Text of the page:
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What is the 'Effective Tax Rate'

The effective tax rate is the average taxation rate for a corporation or individual. The effective tax rate for individuals is the average rate at which their earned income is taxed, and the effective tax rate for a corporation is the average rate at which its pre-tax profits are taxed.

BREAKING DOWN 'Effective Tax Rate'

An individual's effective tax rate is calculated by dividing total tax expense from line 63 of his 1040 Form by his taxable income from line 43 of that form. For corporations, the effective tax rate is computed by dividing total tax expenses by the firm's earnings before taxes.

So, in order to calculate the effective tax rate, use the following formulas:

                        For an individual: ETR = Total Tax Expense ÷ Taxable Income

                        For a corporation: ETR = Total Tax Expenses ÷ Earnings Before Taxes 

Which Taxes Are Included in Effective Tax Rates?

In many cases, the effective tax rate only refers to income taxes incurred by taxpayers and does not include sales tax or other types of taxes. However, in other cases, analysts include excise taxes as well payroll taxes. This can be especially useful when trying to compare the effective tax rate of two or more individuals, as income tax is only a portion of the total tax paid by most taxpayers. To calculate effective tax with these inclusions, add together all of the tax under consideration and divide it by the individual's income.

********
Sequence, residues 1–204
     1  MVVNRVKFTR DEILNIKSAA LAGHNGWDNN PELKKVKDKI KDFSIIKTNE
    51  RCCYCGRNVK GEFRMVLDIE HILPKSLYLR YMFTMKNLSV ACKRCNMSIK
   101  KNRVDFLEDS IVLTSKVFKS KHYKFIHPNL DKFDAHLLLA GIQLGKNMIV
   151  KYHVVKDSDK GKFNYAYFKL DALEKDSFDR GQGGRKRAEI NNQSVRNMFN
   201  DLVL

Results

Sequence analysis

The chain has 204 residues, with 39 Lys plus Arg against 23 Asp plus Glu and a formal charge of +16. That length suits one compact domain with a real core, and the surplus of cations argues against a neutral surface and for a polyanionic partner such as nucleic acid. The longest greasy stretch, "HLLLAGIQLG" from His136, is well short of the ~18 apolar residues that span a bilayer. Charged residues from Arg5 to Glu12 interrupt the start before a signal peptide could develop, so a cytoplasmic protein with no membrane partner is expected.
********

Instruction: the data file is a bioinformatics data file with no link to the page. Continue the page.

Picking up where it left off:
Effective Tax Rate vs. Marginal Tax Rate

The marginal tax rate refers to the tax bracket into which a business's or individual's income falls. The effective tax rate is typically a more accurate representation of tax liability than an individual or business's marginal tax rate. For example, two companies with income in the same upper marginal tax bracket may end up with different effective tax rates depending on the amount of their earnings that fall into each tax bracket.

For example, imagine a tax system where earnings under $100,000 are taxed at 10 percent, earnings between $100,000 and $300,000 are taxed at 15 percent, and earnings over $300,000 are taxed at 25 percent. Two businesses both fall into the upper tax bracket. However, one earned $500,000, while the other only earned $360,000. Both businesses pay 10 percent or $10,000 on their first $100,000 of earnings, and they both pay 15 percent or $30,000 on their earnings between $100,000 and $300,000. Both companies also pay 25 percent on their earnings over the $300,000 threshold, but that equates to $50,000 for one company and only $15,000 for the second company. With a total tax liability of $90,000, the company with $500,000 in revenue pays an 18 percent effective tax rate, while the company with $360,000 in income pays a total income tax bill of $55,000, making its effective tax rate only 15.2 percent.

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